By Sariba Manneh
[Banjul, 14th February, 2023] Vendors in the Greater Banjul Area (GBA), have lamented the high cost of the CFA Franc against the dalasi.
Talking to Foroyaa yesterday, they said the skyrocketing cost of the CFA Franc and its consequences have started to impact on the prices of some goods at markets across the GBA, in recent weeks.
Some of the vendors who spoke to this reporter on Tuesday 13th February 2023, complained about the factors leading to high prices of basic commodities.
Kebba Sonko, a dealer in footwear (shoes), said prices are increasing mainly because of the rising value of the CFA Franc against the Gambian Dalasi.
“I bought my products from Senegal and I need to change my money into CFA franc, to be able to buy and bring back my goods for sale in The Gambia, and this increase in cost of the CFA franc has led to a major decline in sales. This particular currency is on the increase daily, particularly with the advent of Ramadan in the shortest possible time, prices of basic commodities will rise further. The 5,000 CFA was equivalent to D455 but it now costs more than D500. Why are they doing this to us (the small business owners)?” Sonko quizzed.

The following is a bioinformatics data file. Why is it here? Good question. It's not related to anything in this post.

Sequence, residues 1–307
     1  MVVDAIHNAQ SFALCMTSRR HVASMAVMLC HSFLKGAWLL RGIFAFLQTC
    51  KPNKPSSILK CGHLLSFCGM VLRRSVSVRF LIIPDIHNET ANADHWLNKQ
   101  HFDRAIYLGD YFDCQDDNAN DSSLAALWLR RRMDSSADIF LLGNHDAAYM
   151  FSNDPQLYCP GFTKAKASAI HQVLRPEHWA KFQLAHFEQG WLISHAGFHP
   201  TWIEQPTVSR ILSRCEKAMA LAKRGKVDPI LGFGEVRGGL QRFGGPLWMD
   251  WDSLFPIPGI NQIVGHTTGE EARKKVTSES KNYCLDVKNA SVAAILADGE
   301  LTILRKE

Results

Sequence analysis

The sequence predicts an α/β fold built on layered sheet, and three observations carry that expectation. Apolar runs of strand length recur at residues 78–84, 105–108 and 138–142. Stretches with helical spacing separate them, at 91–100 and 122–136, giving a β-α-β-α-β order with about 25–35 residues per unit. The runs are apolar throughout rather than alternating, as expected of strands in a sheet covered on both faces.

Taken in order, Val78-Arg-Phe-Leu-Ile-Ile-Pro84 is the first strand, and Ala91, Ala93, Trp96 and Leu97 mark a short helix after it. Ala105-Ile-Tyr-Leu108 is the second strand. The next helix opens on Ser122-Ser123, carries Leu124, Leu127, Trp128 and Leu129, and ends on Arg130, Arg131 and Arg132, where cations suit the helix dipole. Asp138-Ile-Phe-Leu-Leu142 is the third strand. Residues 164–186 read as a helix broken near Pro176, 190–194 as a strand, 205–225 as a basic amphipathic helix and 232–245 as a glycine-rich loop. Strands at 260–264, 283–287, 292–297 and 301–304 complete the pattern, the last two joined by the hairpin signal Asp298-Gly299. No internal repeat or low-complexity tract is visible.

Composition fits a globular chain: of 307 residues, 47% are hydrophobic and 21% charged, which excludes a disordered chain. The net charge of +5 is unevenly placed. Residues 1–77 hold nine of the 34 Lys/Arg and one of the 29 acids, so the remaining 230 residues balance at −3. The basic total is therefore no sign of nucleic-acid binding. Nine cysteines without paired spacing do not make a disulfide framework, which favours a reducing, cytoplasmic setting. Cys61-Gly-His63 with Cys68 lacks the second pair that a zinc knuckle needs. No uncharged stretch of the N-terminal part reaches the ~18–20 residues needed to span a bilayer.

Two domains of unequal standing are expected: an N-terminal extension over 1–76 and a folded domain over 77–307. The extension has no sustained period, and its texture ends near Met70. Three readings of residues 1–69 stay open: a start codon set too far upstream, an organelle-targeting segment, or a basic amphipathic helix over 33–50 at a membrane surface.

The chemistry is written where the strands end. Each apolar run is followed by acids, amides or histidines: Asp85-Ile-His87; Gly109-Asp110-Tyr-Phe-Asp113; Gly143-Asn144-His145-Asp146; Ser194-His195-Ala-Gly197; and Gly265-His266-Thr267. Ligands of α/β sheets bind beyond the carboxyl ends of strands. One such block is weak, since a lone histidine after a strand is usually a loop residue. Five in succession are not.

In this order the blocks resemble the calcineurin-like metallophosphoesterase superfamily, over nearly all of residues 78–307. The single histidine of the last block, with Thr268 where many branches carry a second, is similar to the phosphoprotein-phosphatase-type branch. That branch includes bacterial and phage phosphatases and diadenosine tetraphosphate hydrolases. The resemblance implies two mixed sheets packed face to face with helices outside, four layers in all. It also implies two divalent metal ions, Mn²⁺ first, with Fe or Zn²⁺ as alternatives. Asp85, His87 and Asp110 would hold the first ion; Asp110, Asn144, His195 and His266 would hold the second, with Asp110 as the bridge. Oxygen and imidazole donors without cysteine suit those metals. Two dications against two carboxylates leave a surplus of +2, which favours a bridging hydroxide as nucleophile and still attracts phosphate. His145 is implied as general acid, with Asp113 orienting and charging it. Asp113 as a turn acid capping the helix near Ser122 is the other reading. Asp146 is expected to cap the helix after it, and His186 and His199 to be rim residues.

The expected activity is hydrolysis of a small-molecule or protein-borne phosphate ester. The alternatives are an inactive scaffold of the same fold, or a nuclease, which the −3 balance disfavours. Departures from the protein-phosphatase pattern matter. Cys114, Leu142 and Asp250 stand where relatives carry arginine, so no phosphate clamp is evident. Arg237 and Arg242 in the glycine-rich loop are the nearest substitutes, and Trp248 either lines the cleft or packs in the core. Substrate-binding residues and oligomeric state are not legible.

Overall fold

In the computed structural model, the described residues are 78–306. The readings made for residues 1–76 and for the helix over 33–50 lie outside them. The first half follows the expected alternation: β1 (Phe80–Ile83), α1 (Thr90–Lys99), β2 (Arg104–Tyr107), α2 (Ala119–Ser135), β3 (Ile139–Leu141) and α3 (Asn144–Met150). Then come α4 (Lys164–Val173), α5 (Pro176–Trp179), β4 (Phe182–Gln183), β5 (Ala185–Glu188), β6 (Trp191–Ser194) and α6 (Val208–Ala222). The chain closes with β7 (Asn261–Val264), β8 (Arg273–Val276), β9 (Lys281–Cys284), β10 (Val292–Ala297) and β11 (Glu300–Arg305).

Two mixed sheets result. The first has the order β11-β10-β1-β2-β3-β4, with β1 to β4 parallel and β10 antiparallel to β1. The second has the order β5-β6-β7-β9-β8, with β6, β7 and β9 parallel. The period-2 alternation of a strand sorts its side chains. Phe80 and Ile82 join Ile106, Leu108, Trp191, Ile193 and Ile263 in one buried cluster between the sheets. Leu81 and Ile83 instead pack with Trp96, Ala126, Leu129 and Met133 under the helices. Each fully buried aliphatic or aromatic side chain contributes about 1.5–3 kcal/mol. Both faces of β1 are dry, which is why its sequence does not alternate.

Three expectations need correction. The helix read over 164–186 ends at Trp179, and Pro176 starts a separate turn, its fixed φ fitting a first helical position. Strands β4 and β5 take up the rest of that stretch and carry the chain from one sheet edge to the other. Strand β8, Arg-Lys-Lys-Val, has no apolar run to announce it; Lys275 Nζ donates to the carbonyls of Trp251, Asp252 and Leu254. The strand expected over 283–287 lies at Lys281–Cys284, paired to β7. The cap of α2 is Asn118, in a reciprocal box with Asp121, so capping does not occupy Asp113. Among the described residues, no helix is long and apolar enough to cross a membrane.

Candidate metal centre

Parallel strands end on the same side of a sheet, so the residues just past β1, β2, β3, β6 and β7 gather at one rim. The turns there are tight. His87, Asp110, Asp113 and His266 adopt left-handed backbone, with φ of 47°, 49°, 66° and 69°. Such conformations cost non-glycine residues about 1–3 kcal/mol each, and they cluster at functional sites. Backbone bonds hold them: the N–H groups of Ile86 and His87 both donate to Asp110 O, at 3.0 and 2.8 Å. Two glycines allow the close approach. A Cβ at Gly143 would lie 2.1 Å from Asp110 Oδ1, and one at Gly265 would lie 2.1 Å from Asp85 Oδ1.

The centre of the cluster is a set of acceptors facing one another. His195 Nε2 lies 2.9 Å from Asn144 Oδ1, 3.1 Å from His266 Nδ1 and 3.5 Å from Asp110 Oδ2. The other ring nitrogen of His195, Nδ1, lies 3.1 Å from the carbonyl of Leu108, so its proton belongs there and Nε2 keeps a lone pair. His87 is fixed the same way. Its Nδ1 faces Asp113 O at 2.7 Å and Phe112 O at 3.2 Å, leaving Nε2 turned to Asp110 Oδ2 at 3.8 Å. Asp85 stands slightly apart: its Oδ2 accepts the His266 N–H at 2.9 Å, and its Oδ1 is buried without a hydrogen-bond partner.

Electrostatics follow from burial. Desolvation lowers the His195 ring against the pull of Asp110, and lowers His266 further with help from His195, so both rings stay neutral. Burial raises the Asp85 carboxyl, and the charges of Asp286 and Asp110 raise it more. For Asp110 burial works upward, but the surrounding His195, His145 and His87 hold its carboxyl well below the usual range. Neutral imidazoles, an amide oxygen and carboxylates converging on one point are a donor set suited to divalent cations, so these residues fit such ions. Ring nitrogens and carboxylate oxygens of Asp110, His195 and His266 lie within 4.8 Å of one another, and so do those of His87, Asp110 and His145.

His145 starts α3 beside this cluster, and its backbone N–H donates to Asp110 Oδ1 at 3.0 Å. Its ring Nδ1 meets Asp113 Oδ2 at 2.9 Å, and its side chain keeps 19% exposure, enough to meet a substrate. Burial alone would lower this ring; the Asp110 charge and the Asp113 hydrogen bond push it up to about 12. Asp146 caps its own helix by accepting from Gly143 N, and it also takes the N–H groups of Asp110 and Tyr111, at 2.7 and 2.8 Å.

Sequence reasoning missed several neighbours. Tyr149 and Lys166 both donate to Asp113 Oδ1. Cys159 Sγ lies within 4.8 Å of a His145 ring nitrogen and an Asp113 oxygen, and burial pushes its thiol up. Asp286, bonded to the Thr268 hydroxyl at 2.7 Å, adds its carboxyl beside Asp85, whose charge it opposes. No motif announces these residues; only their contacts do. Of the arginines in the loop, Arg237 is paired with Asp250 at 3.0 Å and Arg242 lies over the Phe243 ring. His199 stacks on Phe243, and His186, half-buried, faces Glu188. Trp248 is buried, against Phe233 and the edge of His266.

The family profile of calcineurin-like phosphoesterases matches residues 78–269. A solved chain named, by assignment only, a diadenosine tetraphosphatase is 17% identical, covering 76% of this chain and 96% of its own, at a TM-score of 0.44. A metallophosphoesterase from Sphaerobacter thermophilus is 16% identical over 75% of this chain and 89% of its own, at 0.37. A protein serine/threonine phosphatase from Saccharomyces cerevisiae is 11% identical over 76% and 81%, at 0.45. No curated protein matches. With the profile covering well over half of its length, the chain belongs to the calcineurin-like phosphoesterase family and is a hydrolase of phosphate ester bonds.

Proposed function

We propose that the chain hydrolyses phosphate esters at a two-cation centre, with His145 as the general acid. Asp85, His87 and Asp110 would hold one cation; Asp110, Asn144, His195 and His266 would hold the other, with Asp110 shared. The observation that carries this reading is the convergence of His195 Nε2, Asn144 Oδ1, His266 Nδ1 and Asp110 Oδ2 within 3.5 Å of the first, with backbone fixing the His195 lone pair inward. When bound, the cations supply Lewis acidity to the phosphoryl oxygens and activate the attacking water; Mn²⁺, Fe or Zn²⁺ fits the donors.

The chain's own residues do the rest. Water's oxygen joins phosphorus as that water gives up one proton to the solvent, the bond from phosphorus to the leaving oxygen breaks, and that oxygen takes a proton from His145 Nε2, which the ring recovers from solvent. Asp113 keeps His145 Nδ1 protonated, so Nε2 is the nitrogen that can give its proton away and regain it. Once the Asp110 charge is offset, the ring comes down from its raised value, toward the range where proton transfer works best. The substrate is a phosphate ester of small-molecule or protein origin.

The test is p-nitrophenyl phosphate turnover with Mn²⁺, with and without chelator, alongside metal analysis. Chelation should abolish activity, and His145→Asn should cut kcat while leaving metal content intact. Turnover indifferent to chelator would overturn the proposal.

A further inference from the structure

According to Sonko, the situation has made some of them stop importing from Senegal because of the high cost of the CFA against the dalasi.
Sonko said the past government never allowed the continuous increase of the CFA franc against our national currency, and did everything possible to protect the dalasi. Mr Sonko opined that the price for food items might be shocking to consumers this year, especially during Ramadan if the government does not act now, to stop unscrupulous dealers of foreign currency in the country.
Mabintou Canteh, a textile and ladies footwear vendor, reiterated similar remarks on the high cost of CFA Franc against the Gambian dalasi. According to her, this is the main cause of the price increase which she said is not good for businesses and is disadvantageous to them because customers are not buying goods as expected because of the high cost.
“It is not easy to go to Senegal and buy products and then come back and sell them to the people at a high price. People will always complain about the prices when they are increased, but we cannot do anything otherwise unless they want to force us out of business,” Ms Conteh said.
Kaddy Chorr, who sells vegetables, appealed to the authorities to urgently address the uncontrolled increase of food items and the high cost of the CFA franc against the Dalasi.
According to her, the trend seems to go unabated and is forcing some of them out of business.
“I bought a bag of carrots for D2,500 and a bag of cabbage, which now costs D1,300. We are not making profit at all to enable us sustain our businesses as well as maintain our families,” she remarked.